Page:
Caching static content in IIS

Most of the websites today use client side scripts, styles and images. When browser requests a webpage, it has to make n number of HTTP requests to get each of these resources. Caching, combining, compressing are few techniques we use to improve the performance of such websites. In this blog I will concentrate on caching images using IIS settings. 

Most browsers today inspect the header in the incoming response and do certain actions based on these header values. One such header is expires. The value of this header is usually a datetime. This tells the browser that it is safe for the browser to store this resource on the client side until that date. Hence, next time the requests will not be sent to the server but instead the resource will be picked up from the temporary cache on the client side.
There are two ways to achieve this. One is either by writing your own HttpHandler or other is setting IIS server settings for your website. As seen in the image below, open your IIS manager and navigate to the website folder that you want to cache. Click on the "HTTP Response Headers" icon in IIS group.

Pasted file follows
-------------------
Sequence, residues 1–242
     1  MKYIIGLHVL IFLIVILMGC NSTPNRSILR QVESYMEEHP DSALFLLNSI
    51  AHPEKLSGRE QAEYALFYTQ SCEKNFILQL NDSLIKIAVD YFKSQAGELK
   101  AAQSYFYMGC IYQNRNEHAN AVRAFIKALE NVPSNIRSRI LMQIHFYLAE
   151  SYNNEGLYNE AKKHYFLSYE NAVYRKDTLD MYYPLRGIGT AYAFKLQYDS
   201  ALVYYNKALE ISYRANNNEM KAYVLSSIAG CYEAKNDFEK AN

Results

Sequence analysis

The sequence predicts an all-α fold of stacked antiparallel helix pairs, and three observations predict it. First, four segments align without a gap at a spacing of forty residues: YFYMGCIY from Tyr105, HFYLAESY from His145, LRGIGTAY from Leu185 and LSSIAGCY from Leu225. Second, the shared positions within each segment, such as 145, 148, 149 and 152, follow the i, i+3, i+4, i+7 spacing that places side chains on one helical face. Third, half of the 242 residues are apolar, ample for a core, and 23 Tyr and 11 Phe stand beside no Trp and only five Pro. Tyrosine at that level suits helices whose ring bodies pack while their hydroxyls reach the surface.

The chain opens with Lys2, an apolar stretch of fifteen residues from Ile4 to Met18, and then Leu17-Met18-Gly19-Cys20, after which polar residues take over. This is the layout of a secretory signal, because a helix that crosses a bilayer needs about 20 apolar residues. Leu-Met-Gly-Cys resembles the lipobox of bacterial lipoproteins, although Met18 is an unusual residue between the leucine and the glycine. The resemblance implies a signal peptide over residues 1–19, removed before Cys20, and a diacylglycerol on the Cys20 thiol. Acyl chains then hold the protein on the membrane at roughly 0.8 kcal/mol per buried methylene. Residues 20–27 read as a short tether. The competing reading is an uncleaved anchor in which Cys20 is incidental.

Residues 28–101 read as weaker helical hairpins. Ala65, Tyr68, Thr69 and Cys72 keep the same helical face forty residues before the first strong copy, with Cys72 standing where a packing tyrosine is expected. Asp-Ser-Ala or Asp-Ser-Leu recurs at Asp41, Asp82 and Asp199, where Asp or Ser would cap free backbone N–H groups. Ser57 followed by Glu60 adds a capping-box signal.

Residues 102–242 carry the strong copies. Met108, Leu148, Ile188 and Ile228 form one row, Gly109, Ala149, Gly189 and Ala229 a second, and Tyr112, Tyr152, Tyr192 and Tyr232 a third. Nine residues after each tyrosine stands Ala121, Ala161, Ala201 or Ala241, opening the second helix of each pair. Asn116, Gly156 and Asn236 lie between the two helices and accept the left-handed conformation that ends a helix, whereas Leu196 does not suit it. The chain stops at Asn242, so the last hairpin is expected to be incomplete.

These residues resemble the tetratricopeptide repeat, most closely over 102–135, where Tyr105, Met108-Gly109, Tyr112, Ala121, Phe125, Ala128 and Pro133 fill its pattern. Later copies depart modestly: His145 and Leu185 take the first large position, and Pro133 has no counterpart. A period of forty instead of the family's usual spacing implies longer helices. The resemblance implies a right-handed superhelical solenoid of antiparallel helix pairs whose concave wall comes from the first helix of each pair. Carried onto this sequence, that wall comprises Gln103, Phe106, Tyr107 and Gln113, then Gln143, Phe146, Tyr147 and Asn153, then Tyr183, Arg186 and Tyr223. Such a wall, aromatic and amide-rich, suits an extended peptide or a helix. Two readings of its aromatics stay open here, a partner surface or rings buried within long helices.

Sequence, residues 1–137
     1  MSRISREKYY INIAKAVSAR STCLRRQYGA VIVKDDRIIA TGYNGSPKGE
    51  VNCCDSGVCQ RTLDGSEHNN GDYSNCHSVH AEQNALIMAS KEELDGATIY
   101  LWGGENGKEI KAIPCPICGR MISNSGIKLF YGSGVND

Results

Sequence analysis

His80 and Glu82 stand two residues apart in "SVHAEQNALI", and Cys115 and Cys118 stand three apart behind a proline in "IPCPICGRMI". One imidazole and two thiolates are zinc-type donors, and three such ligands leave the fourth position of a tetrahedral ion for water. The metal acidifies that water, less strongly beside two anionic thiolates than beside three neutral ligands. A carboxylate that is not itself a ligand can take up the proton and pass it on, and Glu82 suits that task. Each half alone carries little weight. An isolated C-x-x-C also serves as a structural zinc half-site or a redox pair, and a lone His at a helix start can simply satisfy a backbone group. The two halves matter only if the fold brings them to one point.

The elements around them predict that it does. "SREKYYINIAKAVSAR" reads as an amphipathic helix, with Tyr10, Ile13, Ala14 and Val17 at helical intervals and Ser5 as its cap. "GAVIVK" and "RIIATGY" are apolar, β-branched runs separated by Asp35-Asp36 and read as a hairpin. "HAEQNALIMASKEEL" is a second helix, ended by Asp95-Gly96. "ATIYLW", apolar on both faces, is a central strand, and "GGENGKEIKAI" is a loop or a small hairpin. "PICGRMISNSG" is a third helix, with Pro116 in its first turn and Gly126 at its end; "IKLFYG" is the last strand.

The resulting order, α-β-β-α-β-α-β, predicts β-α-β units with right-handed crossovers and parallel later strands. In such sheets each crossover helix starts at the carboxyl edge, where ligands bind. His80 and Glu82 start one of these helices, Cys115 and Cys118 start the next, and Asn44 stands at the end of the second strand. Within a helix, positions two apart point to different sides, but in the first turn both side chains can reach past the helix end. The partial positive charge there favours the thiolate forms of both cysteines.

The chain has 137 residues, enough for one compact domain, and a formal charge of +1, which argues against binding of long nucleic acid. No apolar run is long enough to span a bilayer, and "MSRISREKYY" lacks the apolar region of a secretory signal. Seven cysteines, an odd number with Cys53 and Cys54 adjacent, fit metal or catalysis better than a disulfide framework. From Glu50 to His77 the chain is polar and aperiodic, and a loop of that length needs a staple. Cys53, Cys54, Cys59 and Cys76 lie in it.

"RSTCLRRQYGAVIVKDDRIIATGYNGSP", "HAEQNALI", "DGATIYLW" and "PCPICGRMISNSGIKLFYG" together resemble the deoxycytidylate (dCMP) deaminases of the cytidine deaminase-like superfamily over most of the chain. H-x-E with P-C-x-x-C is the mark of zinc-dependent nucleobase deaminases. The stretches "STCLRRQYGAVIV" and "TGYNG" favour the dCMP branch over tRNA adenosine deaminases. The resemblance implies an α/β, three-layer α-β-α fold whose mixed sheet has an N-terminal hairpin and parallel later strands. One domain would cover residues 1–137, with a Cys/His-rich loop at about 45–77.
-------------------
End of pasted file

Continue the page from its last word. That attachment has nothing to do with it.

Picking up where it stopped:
Click "Set Common Headers" on the top right side and set the expiry date in the popup window as shown in the image below.
To improve the performance the tools such as yslow suggest that we put a far-future date on the expiry. Sometimes may be in the range of 10 years. The problem with this approach is that if you change the javascript or css file, the client will still be using the old file since the expiry is set far in the future. However, if you change the filename, this problem will not occur as a new cache entry will be created for this new file. 
This feature improves the peformance of your website considerably. Cached files dont travel over the wire and no extra HTTP requests are made.